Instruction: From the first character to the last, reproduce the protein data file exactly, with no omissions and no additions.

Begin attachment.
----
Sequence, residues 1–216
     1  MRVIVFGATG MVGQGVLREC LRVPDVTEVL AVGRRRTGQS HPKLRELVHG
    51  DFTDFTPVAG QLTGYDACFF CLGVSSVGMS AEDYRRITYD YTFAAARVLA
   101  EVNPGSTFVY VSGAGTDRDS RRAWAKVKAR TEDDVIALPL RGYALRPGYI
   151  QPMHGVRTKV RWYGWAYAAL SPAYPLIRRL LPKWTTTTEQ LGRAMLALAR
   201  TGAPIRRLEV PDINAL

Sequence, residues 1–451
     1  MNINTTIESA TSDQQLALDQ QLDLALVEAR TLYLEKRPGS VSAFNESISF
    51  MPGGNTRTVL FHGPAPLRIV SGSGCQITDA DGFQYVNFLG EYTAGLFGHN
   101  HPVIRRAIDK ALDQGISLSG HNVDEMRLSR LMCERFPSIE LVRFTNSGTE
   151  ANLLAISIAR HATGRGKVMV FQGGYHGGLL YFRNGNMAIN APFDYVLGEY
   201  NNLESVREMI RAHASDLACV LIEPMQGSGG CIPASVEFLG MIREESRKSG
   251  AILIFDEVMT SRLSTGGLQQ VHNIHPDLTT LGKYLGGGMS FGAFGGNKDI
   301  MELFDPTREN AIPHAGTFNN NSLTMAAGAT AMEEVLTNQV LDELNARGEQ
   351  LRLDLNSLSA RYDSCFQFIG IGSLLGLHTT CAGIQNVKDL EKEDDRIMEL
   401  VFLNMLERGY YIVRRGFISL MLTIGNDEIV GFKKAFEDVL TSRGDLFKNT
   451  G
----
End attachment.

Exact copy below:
Sequence, residues 1–216
     1  MRVIVFGATG MVGQGVLREC LRVPDVTEVL AVGRRRTGQS HPKLRELVHG
    51  DFTDFTPVAG QLTGYDACFF CLGVSSVGMS AEDYRRITYD YTFAAARVLA
   101  EVNPGSTFVY VSGAGTDRDS RRAWAKVKAR TEDDVIALPL RGYALRPGYI
   151  QPMHGVRTKV RWYGWAYAAL SPAYPLIRRL LPKWTTTTEQ LGRAMLALAR
   201  TGAPIRRLEV PDINAL

Sequence, residues 1–451
     1  MNINTTIESA TSDQQLALDQ QLDLALVEAR TLYLEKRPGS VSAFNESISF
    51  MPGGNTRTVL FHGPAPLRIV SGSGCQITDA DGFQYVNFLG EYTAGLFGHN
   101  HPVIRRAIDK ALDQGISLSG HNVDEMRLSR LMCERFPSIE LVRFTNSGTE
   151  ANLLAISIAR HATGRGKVMV FQGGYHGGLL YFRNGNMAIN APFDYVLGEY
   201  NNLESVREMI RAHASDLACV LIEPMQGSGG CIPASVEFLG MIREESRKSG
   251  AILIFDEVMT SRLSTGGLQQ VHNIHPDLTT LGKYLGGGMS FGAFGGNKDI
   301  MELFDPTREN AIPHAGTFNN NSLTMAAGAT AMEEVLTNQV LDELNARGEQ
   351  LRLDLNSLSA RYDSCFQFIG IGSLLGLHTT CAGIQNVKDL EKEDDRIMEL
   401  VFLNMLERGY YIVRRGFISL MLTIGNDEIV GFKKAFEDVL TSRGDLFKNT
   451  G